Pictured here is Brian Earl: The smartest point guard in organized basketball history. Earl played in every minute of 34 college games in the backcourt for the Princeton Tigers and was the point man in more winning games than any other player in Princeton or Ivy League history. Playing in a league of smart kid schools, Earl was the most dominant player in the Ivy of his time. He finished 1st all-time in 3-Point-Shooting, 5th in scoring, 6th in assists and 7th in steals and took home the Ivy League Player of the Year in 1998-1999.
He had decent help though, Princeton’s coach for 3 of Earl’s 4-years was Bill Carmody guided his non-scholarship squad to a 26-9 record against teams that offered scholarships during that time. The Tigers went 27-2 and were ranked as high as #7, with big wins over Georgetown, Wake Forrest, UNLV and Rutgers during Earl’s junior year in 1997-98. Earl was the backbone, an Ivy League standout of national fame with a game every million dollar banker or oil man could safely tell their sons to model after while they’re busy robbing the middle class. However as many 6’2 college guards come to know, size and speed are the substance of the next level.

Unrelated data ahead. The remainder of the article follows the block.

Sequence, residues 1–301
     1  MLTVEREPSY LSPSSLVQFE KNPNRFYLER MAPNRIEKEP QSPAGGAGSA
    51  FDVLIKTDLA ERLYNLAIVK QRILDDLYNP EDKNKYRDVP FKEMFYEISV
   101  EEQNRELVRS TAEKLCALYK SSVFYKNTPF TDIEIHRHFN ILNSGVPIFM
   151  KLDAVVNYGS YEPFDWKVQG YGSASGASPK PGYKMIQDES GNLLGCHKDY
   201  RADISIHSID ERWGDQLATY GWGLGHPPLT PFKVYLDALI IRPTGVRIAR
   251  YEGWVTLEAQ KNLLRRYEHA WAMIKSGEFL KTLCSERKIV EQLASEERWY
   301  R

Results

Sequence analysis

On the pro side of things, Earl was less lucky. Drafted into the USBL by the old-Atlantic City Seaguls, Earl played in the little-known EBA with the Harrisburg Horizon. There he allegedly helped the team win the league title before signing to play professionally in the UK. In mid-season, his club, the Manchester Jets folded and Earl has been off the radar ever since.